It was Karim Khalil's Shi'te Hezb-i-Wahdat, which controls Yakawlang district in the neighbouring Bamiyan province, that first announced Chaghcharan's fall, though the bulk of fighters who fought to take control of the capital owe allegiance to Ismail Khan. Chaghcharan had changed hands several times between the Northern Alliance (NA) and the Taliban. Though it doesn't enjoy much strategic importance, the loss of Chaghcharan could have a demoralising impact on the Taliban.
Not only does it have to endure a superpower's aerial strikes, it has to combat the NA, now reportedly bolstered by assistance from Russia, Tajikistan, Iran and Uzbekistan. The fall of Chaghcharan could also put Taliban fighters under immense pressure in Mazar-e-Sharif, Aibak, Shiberghan, Maimana, Taloqan and Baghlan. Ismail Khan's military gains in Ghor would inspire his supporters in Herat and Farah provinces, apparently lying low until now, to begin actively plotting the Taliban's downfall.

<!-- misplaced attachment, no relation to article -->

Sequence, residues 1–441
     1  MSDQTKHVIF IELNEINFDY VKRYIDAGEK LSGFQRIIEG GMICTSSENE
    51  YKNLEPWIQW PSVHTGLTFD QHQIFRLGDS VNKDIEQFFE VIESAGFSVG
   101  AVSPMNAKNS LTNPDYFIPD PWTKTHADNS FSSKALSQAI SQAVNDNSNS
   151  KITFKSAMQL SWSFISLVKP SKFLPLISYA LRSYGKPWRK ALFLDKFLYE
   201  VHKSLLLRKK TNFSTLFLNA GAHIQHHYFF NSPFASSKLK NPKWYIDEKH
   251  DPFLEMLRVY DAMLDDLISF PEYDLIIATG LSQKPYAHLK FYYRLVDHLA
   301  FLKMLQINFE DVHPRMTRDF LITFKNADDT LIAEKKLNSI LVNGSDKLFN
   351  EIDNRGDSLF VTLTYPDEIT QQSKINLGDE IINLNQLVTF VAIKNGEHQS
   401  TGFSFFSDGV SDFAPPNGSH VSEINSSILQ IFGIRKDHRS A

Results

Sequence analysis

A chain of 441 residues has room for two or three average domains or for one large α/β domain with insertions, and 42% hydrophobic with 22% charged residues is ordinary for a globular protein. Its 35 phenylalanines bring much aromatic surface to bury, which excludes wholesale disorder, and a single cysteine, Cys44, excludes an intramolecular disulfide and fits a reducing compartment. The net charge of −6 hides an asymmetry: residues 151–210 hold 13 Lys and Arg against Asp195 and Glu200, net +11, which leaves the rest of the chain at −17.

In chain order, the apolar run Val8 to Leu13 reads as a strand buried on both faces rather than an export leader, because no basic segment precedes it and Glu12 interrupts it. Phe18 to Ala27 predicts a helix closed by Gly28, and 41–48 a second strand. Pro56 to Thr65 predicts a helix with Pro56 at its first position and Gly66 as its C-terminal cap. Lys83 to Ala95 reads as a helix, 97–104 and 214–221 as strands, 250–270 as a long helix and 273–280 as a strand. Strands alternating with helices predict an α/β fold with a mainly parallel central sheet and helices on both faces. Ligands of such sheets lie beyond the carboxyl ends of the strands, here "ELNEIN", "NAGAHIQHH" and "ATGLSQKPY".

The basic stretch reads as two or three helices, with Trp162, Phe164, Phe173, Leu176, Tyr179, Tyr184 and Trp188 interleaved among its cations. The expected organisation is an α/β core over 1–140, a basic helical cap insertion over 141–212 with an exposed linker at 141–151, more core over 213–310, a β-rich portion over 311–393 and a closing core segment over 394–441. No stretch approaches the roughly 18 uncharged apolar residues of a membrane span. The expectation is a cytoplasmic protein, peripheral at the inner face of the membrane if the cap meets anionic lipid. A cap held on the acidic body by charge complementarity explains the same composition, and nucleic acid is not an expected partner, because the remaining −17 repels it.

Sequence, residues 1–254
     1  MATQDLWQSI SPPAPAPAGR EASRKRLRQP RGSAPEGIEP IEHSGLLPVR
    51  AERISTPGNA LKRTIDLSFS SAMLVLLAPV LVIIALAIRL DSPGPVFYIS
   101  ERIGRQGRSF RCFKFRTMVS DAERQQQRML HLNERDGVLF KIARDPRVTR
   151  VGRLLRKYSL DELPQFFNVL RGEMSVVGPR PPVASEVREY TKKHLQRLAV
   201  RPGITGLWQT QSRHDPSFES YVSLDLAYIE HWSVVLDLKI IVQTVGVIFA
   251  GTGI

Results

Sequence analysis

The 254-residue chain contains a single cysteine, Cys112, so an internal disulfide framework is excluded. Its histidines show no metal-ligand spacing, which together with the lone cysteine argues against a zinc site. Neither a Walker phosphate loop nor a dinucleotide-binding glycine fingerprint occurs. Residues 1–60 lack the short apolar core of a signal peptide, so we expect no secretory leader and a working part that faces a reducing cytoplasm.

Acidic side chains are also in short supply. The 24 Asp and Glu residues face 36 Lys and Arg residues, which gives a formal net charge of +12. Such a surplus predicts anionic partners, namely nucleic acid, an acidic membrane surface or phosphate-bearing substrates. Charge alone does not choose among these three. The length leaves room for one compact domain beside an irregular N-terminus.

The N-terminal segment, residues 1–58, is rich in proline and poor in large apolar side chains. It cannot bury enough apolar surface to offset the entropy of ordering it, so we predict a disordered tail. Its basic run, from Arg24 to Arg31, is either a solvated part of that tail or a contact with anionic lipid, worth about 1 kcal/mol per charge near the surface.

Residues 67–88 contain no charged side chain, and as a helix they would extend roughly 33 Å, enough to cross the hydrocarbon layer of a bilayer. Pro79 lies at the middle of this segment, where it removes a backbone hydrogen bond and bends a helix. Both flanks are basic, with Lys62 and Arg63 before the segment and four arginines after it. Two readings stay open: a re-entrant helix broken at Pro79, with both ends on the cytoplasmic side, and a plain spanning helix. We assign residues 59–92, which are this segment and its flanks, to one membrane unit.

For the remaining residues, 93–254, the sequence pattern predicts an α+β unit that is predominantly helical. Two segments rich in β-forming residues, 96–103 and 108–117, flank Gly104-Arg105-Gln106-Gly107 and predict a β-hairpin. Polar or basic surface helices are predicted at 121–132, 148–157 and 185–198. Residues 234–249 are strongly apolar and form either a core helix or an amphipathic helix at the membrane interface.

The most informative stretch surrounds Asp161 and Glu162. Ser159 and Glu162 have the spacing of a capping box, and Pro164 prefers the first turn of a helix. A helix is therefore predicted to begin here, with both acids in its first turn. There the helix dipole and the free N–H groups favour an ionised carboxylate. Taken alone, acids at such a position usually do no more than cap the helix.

Meanwhile, on the Afghanistan-Uzbekistan border, the NA has decided to hold back its firepower till the end of air strikes. NA commander Adbul Rashid Dostum told Outlook: "We've not been able to capture Mazar-e-Sharif because no help has been forthcoming from Russia or Uzbekistan." But if Dostum deputy Sayed Nurullah is to be believed, "the Taliban forces are demoralised, and wouldn't be able to endure once the NA launches an attack".In fact, desertions from the Taliban ranks have already begun. According to Dostum, 40 Taliban field commanders and 4,000 fighters were captured by his forces on September 11 with the help of some other Taliban commanders who had decided "to change sides".
That this war could witness unforeseen twists became obvious last week, when the Islamic Movement of Uzbekistan (imu) leader Tahir Yuldash declared that his outfit will be "together with the Taliban against the US and their betrayers (read Tajikistan and Uzbekistan)". Nurullah confirms: "Among the Taliban are also imu recruits."